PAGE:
HPLC analysis of diosgenin in three species of Costus

G Sulakshana, A Sabitha, Rani
2014 unpublished
Medicinal plants form an essential part of indigenous pharmaceutical system. Costus species (Family: Costaceae), commonly called as spiral ginger or crepe ginger are important medicinal plants used in traditional system of medicine in India. These plants are used for their stimulant, carminative, diuretic, digestive and antiseptic properties. Some of the species of Costus are mainly used for treating diabetes. Species of Costus are known to contain a steroidal saponin-diosgenin as a major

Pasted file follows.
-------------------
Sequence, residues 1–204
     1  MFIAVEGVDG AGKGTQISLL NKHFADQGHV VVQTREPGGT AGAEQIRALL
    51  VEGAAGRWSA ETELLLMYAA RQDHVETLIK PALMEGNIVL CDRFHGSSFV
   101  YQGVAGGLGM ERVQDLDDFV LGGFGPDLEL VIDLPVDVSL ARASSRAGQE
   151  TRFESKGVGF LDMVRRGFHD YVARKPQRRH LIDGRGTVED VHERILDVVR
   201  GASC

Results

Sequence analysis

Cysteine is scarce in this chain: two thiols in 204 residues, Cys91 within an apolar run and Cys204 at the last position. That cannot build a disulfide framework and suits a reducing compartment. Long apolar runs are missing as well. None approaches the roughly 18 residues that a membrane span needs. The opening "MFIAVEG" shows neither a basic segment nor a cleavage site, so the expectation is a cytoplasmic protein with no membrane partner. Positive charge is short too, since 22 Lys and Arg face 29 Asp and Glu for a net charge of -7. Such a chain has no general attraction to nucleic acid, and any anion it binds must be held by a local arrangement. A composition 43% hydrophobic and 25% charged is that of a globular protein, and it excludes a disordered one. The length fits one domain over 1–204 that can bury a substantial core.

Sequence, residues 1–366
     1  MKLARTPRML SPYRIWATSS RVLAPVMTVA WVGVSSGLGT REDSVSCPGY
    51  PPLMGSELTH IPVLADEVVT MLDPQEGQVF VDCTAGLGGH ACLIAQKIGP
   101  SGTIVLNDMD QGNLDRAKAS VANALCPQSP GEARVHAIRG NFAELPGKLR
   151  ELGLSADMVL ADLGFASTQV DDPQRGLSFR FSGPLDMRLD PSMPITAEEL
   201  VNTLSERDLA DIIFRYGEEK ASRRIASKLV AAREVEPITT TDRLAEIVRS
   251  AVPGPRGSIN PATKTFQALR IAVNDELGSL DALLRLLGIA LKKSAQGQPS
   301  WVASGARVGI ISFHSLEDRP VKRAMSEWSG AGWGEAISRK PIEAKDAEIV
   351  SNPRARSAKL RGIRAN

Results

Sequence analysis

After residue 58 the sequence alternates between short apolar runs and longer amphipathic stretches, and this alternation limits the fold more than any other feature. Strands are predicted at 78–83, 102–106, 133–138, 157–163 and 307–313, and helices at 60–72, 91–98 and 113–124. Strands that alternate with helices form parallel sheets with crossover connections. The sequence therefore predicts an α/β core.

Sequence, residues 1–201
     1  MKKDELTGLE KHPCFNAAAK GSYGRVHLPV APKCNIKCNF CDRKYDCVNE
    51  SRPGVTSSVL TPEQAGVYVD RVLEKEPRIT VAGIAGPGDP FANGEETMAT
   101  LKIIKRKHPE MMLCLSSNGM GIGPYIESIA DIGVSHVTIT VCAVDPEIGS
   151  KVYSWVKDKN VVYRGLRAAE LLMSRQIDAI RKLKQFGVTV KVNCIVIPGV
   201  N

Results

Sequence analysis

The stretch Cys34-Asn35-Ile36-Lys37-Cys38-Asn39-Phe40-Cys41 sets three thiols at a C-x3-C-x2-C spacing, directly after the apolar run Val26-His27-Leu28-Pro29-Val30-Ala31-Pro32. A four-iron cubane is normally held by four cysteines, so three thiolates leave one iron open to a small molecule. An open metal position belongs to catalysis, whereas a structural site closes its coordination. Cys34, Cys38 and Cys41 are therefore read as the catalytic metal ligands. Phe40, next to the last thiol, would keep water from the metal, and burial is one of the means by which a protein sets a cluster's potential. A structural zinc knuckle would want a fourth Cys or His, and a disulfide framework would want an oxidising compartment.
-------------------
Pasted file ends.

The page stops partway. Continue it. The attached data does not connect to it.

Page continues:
more » ... in as a major bioactive component, which is utilized as a precursor for the synthesis of various drugs. The present study is taken up to quantify the amount of diosgenin present in rhizomes and leaves of three species of Costus (C.pictus, C.speciosus and C.igneus) using HPLC analysis. Introduction Higher plants are the source of numerous chemicals of commercial significance. They have impressive biological properties and are employed in various systems of traditional and folk medicine. In recent years, there is a great demand for plant-based products because of broad biological activities, low impact on environment and safety to non-target organisms. During last few decades, many plant species were screened and plants with high bioactive compounds were identified. Species of Costus are important medicinal plants with a source of anti-diabetic and antimicrobial compounds. The genus Costus is a tropical herbaceous plant belonging to the family Costaceae. The species of Costus are widely employed in folk, ayurvedic and homeopathic systems of medicine [1] . Some of the commonly used species in unani and ayurvedic systems of medicine are C. speciosus Koen., C.pictus D.Don. and C.igneus N.E.Br. The C.pictus and C.igneus are referred as insulin plants [2] . Costus species are perennial rhizomatous herbs with erect or spreading stems. Leaves are simple, smooth, persistent, spirally arranged on stems. Hence these plants are often referred as the spiral ginger. The leaves are sub sessile and appear dark green in colour, elliptic or obovate in shape. In case of C.igneus, the leaves have light purple undersides whereas C.speciosus had silky texture beneath. The inflorescence is a spike around 10 cms long with large bracts in sub terminal position. Bracts are ovate or mucronate forming a cone like structure. Bracts are bright red coloured in C.speciosus and flowers are white in colour, 5-6 cm long with a cup-shaped labellum and crest yellow stamens. Bracts are green in colour in C.pictus and C.igneus but flower colour varies. Flowers of C.pictus are yellow with red stripes whereas in C.igneus they are orange in colour. Fruit is an ellipsoidal capsule. Costus is traditionally used as a medicinal herb mainly for its stimulant, carminative, diuretic, digestive and antiseptic properties. The rhizome is used internally in the treatment of abdominal pain, chest pains, liver problems, jaundice, gall bladder pain etc [3] . The rhizomes are the major source of diosgenin, which is anti-diabetic in nature and is used in the treatment of diabetes mellitus [4] [5] . In Ayurveda, Costus speciosus is used to subdue vata and kapha and promotes complexion. It is reported to cure dyspepsia, fever, cough and other respiratory disorders. It is one of the constituent of indigenous drug "amber mezhugu" useful in rheumatism [6] . The rhizome posses antifertility, anticholinestrase, anti-inflammatory and antihelminthic activities [7] . Essential oil from rhizome showed antimicrobial activity [8] . Antifungal activity of steroid saponins and sapogenins from Costus speciosus was analysed by [9] . In siddha medicine system C. igneus root has been used in the form of powder (chooranam), decoction (kudineer) and oil (thylam) [10] . Dasgupta and Pandey (1970) reported diosgenin as the major constituent isolated from rhizomes of Costus speciosus [5] . Other constituents isolated from Costus species are Tigogenin, dioscin, gracillin β-sitosterol glucoside [11] . In the earlier studies, diosgenin was isolated from tubers of Dioscorea zingiberensis cell cultures by microplatespectrophotometry and HPLC analysis [12] . Preliminary screening and qualitative HPTLC separation of secondary metabolites was reported from the rhizome of Costus speciosus [13] . In the present work, diosgenin content was quantified from rhizomes and leaves of three species of Costus using HPLC method.